While you probably encouraged your child to drink milk often when he was young, you may have stopped serving your teenager milk with meals. Contrary to many teens' desires, however, your adolescent should drink three glasses of milk per day. Milk provides protein and several nutrients and vitamins, including vitamin D and calcium, to your teen's growing body.
Teens need 400 units of vitamin D each day. The main dietary source of vitamin D is usually fortified milk, which contains about 100 units per cup. According to Jennifer Hillard at Georgia Health Sciences University, a deficiency in vitamin D can contribute to visceral, or abdominal fat, which can lead to serious health conditions, including diabetes and heart disease. Drinking vitamin D-fortified milk can help your teen avoid the pitfalls associated with visceral fat.
Teens need 1,300 mg calcium each day, and one glass of milk contains 300 mg. If your teen consumes soft drinks regularly, she may need even more calcium in her diet, because soft drinks can interfere with the way the body absorbs the nutrient. Calcium contributes to strong bones and teeth. Drinking enough milk now can help your teenager avoid osteoporosis, a bone disease, later in life, and can, along with proper brushing and flossing, help ward off dental decay.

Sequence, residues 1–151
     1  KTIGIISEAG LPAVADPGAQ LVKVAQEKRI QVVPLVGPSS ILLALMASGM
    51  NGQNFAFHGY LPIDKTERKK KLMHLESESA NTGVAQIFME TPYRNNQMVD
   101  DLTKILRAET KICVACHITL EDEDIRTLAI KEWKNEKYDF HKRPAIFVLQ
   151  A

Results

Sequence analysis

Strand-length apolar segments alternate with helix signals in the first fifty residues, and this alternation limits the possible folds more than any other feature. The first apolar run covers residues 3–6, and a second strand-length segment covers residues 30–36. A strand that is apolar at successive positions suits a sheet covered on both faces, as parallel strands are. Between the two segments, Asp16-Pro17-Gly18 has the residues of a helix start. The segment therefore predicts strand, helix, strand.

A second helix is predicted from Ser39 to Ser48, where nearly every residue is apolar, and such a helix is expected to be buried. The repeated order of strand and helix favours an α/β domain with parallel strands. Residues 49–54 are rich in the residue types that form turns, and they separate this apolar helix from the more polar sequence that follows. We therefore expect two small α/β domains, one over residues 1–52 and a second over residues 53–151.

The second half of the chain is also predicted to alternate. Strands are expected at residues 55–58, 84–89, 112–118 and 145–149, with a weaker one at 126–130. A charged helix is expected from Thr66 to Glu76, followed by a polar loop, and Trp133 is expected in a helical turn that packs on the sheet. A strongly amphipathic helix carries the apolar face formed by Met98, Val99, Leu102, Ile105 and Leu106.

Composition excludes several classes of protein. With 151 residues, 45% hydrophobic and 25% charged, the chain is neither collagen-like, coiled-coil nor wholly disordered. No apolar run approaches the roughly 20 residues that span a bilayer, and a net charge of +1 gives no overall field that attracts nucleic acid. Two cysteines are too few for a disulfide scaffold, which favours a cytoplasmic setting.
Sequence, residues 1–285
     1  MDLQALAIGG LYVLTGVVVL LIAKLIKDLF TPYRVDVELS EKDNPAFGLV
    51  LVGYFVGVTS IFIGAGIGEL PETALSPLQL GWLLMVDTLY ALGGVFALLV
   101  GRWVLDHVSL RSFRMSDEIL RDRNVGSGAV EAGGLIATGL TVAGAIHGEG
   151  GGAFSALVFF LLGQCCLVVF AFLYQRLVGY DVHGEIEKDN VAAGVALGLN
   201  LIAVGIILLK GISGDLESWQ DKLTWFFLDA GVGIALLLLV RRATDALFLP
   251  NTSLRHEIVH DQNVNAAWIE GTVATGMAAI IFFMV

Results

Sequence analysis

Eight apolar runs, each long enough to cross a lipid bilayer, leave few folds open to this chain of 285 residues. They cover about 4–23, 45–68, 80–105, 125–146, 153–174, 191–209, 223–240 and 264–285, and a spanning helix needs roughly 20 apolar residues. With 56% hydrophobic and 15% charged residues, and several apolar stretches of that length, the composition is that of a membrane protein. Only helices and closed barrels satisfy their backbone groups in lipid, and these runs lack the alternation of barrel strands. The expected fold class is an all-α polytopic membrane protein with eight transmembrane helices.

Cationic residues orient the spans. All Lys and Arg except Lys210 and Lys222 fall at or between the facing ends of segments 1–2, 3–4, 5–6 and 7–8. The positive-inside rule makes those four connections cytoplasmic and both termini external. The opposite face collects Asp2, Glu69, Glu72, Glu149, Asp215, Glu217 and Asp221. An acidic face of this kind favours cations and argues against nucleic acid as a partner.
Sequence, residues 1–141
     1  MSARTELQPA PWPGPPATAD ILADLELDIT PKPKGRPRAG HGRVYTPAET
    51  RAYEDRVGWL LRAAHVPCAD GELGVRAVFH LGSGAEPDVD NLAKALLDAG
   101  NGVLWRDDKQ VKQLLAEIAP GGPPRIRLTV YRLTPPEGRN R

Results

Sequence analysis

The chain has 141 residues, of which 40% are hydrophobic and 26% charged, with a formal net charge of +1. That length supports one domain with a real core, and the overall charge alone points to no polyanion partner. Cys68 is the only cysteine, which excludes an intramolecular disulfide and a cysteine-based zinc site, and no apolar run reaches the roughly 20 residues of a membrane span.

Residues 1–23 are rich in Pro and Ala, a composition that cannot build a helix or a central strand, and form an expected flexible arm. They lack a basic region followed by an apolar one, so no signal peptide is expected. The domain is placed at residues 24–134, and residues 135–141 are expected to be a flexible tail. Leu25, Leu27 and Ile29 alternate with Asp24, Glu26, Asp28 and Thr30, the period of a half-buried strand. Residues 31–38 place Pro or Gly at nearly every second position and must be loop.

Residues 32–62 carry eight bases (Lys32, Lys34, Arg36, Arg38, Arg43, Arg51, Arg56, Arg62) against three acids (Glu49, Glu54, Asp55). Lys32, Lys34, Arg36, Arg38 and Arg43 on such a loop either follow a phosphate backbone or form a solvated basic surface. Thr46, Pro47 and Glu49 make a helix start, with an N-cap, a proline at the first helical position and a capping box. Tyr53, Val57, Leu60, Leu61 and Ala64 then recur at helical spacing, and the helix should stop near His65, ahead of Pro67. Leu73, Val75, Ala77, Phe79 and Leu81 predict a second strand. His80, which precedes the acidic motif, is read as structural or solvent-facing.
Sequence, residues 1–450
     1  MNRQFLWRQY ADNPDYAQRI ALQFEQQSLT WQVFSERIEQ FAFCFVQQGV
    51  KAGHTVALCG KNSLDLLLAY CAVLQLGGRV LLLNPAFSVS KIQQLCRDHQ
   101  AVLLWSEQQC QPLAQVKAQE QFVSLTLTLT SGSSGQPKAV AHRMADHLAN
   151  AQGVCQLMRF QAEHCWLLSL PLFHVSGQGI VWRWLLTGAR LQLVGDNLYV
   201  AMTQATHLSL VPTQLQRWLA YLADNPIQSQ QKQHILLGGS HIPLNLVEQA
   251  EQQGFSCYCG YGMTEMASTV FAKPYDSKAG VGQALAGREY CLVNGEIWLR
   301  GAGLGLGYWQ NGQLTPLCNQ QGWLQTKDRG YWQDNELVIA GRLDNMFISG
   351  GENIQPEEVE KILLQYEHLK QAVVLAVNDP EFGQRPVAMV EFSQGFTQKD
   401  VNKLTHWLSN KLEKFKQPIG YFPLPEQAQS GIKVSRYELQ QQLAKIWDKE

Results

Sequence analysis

If your teen does not like drinking milk, he can get vitamin D and calcium from other sources instead. Spending 30 minutes in the sun without sunscreen a few times per week will allow his body to manufacture its own vitamin D. Calcium is in other dairy products, including yogurt, ice cream and cheese, as well as in leafy green vegetables and calcium-fortified orange juice. If your teen is lactose intolerant, switch to soy milk or lactose-free milk.
Use caution if your teen is getting his vitamin D from the sun, as too much exposure to ultraviolet rays is a risk factor for skin cancer. Urge your teen to read nutritional labels carefully, as some brands of yogurt and other dairy products may contain large amounts of sugar. Serve low-fat or fat-free milk to avoid the effects of too much fat in the diet. Encourage your child to avoid soft drinks to allow as much calcium as possible to be absorbed.
- American Dietetic Association; Besides Milk, What Should My Teen Eat for Healthy Bones?; Roberta Duyff, R.D.
- KidsHealth; Calcium; Mary L. Gavin, M.D.; March 2011
- National Institutes of Health; Milk Matters; Sept. 2005
- EurekAlert; Not enough vitamin D in the diet could mean too much fat on adolescents; Jennifer Hilliard; March 12, 2009